Staying together for the kids?

We see relationships fail far too often after kids come into the picture. This is not because of the kids themselves, but because managing life and administration becomes a lot more challenging. It is very easy to fall into a rut, forget yourself and your relationship.

As a relationship and separation coach, my friend Karoline Konrad is a true expert. So I asked her what couples can do to keep the romance alive, how to protect their relationship from falling apart, not just for the children, but also for themselves. 

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Parenting without support

Life after kids is different

For many parents, it is challenging to stay together as a couple and not just act as parents. When families live abroad and have no family support, then it becomes even more difficult to find quality time together as a couple. The most difficult are the early years, until the children attend a childcare center. If families have the financial possibilities, it makes sense to get the children used to a babysitter as early as possible.

The root cause

However, I need to differentiate between couples who have a good basis together and wish to have more quality time as a couple and those who are already stuck in deeply entrenched conflicts.

Do you want more couple time and don’t know exactly how to integrate it into your stressful everyday life? I’ll give you a few tips below on what you can do.

Do you have underlying conflicts that have been exacerbated by having children together? Do you have the impression that you have lost each other as a couple or are well on the way to do so?

If so, a few tips for spending more time together will not be beneficial in the long term. The conflicts that arise in relationships are like a mirror to personal issues. We all carry a load of unresolved issues with us. These issues are triggered again and again in relationships. Trivialities often become representatives of major unresolved issues.

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What is the solution?

My urgent recommendation: go to someone (coach, counsellor, mediator, therapist, kinesiologist) who will look at these issues with you. You can do this as a couple or individually. Do it sooner rather than later and don’t separate until you have looked at your issues at least once in counselling. This can save you a repeat loop.

How can you prevent upfront so that you don’t lose each other as a couple in the first place?

Set aside at least ten minutes every day for just the two of you; the best time to do this, is when the children are asleep. Sit down together and ask each other how you are doing. Answers such as “good, bad, okay” are not allowed. Take time to listen to each other, non-judgmentally, let each other talk and take time to really listen to and feel how you are feeling.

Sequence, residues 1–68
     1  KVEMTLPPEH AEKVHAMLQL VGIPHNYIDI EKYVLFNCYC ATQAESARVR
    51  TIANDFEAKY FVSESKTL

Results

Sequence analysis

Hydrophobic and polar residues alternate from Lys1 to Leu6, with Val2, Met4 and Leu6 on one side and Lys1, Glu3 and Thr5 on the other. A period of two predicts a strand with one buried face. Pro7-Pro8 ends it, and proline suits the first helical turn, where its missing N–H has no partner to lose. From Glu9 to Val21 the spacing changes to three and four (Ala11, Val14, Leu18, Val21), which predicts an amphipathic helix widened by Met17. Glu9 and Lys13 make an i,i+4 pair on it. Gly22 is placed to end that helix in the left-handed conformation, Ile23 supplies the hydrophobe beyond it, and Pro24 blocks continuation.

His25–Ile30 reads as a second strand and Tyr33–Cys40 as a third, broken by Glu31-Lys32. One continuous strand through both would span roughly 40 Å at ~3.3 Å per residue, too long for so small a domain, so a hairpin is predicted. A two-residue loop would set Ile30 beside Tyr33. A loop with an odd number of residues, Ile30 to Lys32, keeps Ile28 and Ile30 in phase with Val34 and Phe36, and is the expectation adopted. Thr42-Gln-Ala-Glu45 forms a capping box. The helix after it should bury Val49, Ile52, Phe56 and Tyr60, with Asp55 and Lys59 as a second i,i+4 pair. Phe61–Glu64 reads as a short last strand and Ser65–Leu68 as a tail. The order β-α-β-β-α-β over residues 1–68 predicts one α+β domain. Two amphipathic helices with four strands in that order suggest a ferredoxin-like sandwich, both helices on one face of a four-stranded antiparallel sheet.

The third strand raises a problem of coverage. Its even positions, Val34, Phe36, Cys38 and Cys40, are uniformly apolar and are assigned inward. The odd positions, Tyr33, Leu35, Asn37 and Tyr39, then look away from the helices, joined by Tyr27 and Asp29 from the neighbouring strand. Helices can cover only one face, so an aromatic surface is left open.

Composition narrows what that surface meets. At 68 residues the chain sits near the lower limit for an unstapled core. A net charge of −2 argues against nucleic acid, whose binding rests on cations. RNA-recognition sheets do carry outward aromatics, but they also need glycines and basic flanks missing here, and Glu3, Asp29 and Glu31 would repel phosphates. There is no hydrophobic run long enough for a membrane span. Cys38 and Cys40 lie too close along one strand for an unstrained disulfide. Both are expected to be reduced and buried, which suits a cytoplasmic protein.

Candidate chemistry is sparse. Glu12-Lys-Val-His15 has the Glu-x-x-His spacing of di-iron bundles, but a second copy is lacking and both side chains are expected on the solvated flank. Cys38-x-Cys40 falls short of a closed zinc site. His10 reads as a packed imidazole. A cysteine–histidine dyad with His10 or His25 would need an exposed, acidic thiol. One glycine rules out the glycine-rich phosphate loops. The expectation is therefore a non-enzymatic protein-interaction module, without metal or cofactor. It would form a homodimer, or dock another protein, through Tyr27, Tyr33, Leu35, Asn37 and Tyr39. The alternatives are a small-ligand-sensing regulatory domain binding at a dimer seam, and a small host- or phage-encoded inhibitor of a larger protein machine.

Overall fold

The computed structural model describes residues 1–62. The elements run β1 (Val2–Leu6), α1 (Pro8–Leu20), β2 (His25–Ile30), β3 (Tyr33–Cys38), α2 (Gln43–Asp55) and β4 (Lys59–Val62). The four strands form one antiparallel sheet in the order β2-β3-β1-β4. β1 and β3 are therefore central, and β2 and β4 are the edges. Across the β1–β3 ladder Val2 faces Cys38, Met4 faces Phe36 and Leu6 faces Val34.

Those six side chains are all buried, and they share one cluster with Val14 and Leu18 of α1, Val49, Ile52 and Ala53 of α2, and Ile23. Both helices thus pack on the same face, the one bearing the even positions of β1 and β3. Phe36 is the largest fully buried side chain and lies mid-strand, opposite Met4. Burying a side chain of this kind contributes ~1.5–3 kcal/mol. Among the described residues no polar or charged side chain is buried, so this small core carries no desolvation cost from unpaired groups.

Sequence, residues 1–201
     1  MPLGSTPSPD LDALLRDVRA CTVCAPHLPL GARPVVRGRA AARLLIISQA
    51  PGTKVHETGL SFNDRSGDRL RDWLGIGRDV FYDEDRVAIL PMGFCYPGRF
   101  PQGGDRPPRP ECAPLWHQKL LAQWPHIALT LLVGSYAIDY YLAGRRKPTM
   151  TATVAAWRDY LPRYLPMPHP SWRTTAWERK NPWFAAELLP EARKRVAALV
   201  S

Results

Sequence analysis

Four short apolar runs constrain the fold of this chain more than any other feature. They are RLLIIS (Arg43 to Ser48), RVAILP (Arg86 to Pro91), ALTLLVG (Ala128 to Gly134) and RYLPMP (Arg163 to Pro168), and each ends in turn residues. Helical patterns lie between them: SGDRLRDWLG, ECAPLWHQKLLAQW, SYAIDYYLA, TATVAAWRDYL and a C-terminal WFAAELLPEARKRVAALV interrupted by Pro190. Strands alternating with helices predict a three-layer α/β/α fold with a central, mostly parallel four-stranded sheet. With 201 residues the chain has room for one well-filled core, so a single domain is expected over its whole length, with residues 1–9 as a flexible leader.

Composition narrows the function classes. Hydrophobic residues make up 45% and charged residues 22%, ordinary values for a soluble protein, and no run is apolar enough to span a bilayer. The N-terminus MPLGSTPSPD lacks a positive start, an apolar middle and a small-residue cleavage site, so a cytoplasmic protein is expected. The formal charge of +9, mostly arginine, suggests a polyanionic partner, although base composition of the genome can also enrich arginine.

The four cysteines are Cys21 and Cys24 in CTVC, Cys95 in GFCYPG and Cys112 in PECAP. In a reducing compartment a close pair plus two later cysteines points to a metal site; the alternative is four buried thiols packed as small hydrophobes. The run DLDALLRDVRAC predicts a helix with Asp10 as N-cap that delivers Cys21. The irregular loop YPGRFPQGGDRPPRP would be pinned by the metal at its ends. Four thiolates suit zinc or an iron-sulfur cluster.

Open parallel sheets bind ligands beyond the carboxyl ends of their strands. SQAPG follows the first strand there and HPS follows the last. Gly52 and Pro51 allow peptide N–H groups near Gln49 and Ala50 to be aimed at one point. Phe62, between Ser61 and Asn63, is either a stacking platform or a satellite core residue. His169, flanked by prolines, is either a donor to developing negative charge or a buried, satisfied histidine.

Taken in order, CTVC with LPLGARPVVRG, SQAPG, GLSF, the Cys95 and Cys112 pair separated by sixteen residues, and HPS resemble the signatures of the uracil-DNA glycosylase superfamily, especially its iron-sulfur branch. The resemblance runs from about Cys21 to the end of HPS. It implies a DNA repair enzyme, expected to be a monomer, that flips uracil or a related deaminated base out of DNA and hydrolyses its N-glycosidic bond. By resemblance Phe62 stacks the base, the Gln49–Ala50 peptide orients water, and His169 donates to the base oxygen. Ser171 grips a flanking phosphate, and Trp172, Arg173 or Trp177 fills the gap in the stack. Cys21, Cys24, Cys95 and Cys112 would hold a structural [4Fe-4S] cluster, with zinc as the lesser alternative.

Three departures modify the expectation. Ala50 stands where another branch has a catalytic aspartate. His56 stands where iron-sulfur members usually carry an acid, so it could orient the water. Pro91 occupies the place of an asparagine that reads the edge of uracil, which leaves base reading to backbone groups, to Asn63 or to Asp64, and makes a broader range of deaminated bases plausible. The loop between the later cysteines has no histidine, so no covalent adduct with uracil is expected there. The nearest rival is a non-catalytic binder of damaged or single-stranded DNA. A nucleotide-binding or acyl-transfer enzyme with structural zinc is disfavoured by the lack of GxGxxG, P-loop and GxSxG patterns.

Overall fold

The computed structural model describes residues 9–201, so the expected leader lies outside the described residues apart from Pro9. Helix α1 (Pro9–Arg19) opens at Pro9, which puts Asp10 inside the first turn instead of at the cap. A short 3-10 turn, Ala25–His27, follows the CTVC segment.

Here are a few samples for questions:

  • What moves you?
  • What are your current challenges?
  • What are you grateful for? (Find at least five things that are related to your family life and your partner)

With small children, physical contact between the couple is often lost, especially because the mums are physically demanded by the children. However, it is essential for you as a couple to continue to maintain physical contact. Take time to cuddle and relax. You can also include what you like about each other physically in the round of questions mentioned above.

If the children are in childcare, meet up regularly for lunch together or for a walk during your lunch break.

IMPORTANT: Couple time means couple time, during this time you should not discuss organizational matters or talk about your children. Take time just for yourselves as a couple!


Unfortunately, there is no one-size-fits-all remedy that you can take, and everything will automatically change. As a couple, you can decide for each other to keep working on your relationship and your connection to each other. This is work and it always has a bit of an overcoming. A break-up is usually a postponement of the problem, namely to the next partnership. Isn’t it more rewarding to repair and maintain the connection you made with your partner, instead of losing everything you had built together? In this way, you can grow deeper and deeper roots together and strengthen your basis, your foundation. Because, as the saying goes, “A tree with strong roots laughs at the storm.” If your roots are strong enough, nothing can easily knock you down as a couple and you will also be able to cope well with the exhausting, but rewarding time with your little children together.


The Confused Mother Podcast

Do you want even more content on motherhood? Here is The Confused Mother podcast, where I talk to mothers and experts about everything related to motherhood and work. Click below to tune in on Spotify or Apple podcasts:

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